JACK BROWN

b. 1979

Jack is based in Manchester and his work focuses on interventions and highlighting the mundane. He works across a wide range of mediums. The work Jack has with SEAM include found notes that he transforms into silk hankies and prints made from the grease marks left by passengers hair on bus windows.

"I am a contemporary artist, working across a range of mediums and methodologies.

My work looks at the overlooked, things that should be given more than a passing glance, moments that would benefit from magnification. The works I make are often found, realised, made or placed in the public realm.

I also work with other people; collaborate, teach, coordinate, lead public realm projects and facilitate artist networks.

As a counterbalance to direct interactions that punctuate my public projects, my work plays with ideas of placement, slightness, observation and distant collaborations. 

Palm sized constellations made of plasticine and chicken wire, brass rings attached to cylindrical objects in the public realm, found notes becoming silk hankies, holding up a sculpture in a carpark, artworks made out of the grease marks left on bus windows by passenger’s hair, sprawling schools projects about the power of collective construction, looped videos of people’s movements and gestures, hanging trinkets in street grids, posting artworks to people without telling them who it’s from, working with 20 investment bankers to make a room filling painting about mistakes.

Interventions in the wider world, collaborations and manipulations; my practice can be seen as an investigation into ways of making and how those made objects or moments interact with the world around them."

- Jack Brown

 

As one of the many threads of his practice, for the last 20 years, Jack has been collecting the notes, shopping lists and reminders people have lost, left behind or thrown away.
Found on the floor, in pubs, on trains and in shopping trolleys these pieces of paper hold snippets of people’s lives’; lists made out before a trip to the shops, directions to a pub for a friend, someone’s work shifts, a post it reminder, scores from a game, a note under a windscreen whipper.
 

Almost all of the notes I find are instructions, meant for ourselves or others. By the time I’ve found them they a record of a future moment that has now past or rather a ‘past future’.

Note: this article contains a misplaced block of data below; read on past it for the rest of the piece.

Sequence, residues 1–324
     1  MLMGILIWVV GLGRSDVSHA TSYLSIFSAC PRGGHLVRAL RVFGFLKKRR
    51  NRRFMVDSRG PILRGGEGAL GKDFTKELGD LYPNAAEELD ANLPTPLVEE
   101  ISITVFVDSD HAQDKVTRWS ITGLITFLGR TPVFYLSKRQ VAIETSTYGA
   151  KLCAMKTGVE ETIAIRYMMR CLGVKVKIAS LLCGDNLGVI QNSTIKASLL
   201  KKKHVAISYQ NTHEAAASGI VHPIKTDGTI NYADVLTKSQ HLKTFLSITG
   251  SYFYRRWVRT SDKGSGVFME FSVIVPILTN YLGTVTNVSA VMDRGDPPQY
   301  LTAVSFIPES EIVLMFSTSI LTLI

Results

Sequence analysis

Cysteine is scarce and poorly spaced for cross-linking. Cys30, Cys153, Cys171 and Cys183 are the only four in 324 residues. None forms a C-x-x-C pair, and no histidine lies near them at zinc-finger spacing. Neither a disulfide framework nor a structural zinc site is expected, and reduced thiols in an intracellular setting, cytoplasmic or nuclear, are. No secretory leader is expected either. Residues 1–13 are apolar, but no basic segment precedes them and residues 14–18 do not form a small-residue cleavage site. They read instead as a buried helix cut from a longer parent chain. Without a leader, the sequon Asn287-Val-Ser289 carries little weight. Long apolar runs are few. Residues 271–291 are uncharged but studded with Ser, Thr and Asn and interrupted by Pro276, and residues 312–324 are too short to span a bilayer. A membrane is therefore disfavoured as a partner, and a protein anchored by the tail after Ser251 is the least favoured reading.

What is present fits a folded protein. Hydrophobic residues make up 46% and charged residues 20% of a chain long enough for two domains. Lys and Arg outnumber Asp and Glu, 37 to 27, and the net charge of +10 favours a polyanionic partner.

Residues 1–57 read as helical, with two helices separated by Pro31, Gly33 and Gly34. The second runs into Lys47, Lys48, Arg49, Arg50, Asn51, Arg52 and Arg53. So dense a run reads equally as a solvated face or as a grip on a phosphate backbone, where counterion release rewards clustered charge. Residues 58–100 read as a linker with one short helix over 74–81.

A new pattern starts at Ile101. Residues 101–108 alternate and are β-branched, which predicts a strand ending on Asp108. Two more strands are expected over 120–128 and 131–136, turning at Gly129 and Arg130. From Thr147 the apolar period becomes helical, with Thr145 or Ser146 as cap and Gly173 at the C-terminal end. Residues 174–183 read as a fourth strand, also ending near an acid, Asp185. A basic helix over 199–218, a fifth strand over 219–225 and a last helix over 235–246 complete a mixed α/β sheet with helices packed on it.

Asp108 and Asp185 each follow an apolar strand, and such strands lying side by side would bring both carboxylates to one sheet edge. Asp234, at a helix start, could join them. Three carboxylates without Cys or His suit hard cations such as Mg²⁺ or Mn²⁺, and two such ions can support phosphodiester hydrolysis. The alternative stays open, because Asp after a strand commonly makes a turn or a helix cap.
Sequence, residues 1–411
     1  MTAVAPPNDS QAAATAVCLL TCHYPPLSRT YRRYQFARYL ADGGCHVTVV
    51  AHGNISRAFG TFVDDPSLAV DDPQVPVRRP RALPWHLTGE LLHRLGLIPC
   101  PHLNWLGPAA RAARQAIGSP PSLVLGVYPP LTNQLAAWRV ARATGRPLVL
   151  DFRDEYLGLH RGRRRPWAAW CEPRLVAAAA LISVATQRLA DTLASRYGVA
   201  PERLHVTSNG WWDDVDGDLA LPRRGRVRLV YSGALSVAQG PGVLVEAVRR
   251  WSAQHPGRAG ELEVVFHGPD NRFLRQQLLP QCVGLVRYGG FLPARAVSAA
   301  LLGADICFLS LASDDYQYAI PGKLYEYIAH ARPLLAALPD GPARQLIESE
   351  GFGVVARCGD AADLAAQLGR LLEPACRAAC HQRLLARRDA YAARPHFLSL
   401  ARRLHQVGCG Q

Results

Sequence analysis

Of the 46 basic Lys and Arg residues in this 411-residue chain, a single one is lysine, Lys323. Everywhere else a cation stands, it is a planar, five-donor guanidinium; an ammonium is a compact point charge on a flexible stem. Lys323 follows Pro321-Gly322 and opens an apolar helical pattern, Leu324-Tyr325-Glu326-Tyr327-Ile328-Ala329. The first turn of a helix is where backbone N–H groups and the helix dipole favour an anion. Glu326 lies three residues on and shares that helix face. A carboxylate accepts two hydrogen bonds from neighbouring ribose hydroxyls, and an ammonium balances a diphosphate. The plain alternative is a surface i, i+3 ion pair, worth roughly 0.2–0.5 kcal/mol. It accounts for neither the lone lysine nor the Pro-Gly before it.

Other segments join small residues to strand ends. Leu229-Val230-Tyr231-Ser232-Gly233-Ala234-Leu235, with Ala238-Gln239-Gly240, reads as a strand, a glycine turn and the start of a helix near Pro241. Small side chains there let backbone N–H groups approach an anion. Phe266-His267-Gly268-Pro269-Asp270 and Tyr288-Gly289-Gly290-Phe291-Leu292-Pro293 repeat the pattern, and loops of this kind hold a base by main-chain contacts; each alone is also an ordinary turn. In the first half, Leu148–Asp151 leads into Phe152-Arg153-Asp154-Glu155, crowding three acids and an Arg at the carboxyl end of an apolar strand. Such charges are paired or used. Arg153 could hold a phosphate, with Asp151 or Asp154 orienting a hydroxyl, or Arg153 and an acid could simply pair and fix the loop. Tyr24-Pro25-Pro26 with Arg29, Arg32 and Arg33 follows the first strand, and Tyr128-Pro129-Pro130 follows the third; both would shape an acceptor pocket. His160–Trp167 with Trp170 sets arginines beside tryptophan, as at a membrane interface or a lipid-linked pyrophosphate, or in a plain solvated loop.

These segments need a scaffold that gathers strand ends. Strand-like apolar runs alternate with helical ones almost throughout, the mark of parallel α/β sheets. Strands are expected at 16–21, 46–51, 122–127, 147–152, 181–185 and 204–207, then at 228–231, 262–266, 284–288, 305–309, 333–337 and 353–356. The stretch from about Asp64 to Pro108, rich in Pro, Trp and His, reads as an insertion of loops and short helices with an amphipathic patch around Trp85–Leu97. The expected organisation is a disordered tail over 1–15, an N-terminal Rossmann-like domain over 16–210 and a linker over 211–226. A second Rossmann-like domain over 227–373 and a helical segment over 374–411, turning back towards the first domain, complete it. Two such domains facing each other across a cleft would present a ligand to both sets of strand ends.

Brown’s work is concerned with the line between art practice and everyday occurrences, where or when does an object or idea from the world become an artwork? what’s the very lease that can be done to enable that transformation?

Having amassed a large collection of found notes he has re-versioned a selection into silk handkerchiefs.
Through the process of being digitally printed onto silk, each of these notes has been pushed out of the world and into the realm of art objects, but only just, only for a while.

I like the idea of the paper notes, originally carried in someone’s pocket, ending up as hankies that we place back into a pocket once used, it’s a sort of loop.
 

Each of these handkerchiefs tell a short story that can be found in the creases of the paper, the handwriting, the language, the placement of text and the mystery of shorthand notes only intended for an audience of one or two.

Read an article on the handkerchiefs here, "Jack Brown: Scraps of Paper, Snatches in Time" by Sara Jaspen

 

The grease mark left by a passengers hair on a bus window 3

Archival Digital print on paper

50x50cm


(Enlarged from original 20 x 20cm print transfer. Scale 1:2.5)
With an option to be printed larger at 100x100cm

"Using techniques similar to taking fingerprints I’ve been collecting the grease marks left by passenger’s hair on bus windows.The grease marks are brushed with powered charcoal, that charcoal is then lifted from the window with sticky back plastic. The charcoal copy is scanned, enlarged and printed.Reprinted/reversioned they resemble an etchings, or maybe star maps, or something like an action painting. But they are fundamentally just traces of people moving through a city, small records of a surface touching another, hair touching glass and the residues left behind." - Jack Brown

The grease mark left by a passengers hair on a bus window 2

Archival Digital print on paper

50x50cm


(Enlarged from original 20 x 20cm print transfer. Scale 1:2.5)
With an option to be printed larger at 100x100cm

The grease mark left by a passengers hair on a bus window 1

Archival Digital print on paper

50x50cm


(Enlarged from original 20 x 20cm print transfer. Scale 1:2.5)
With an option to be printed larger at 100x100cm

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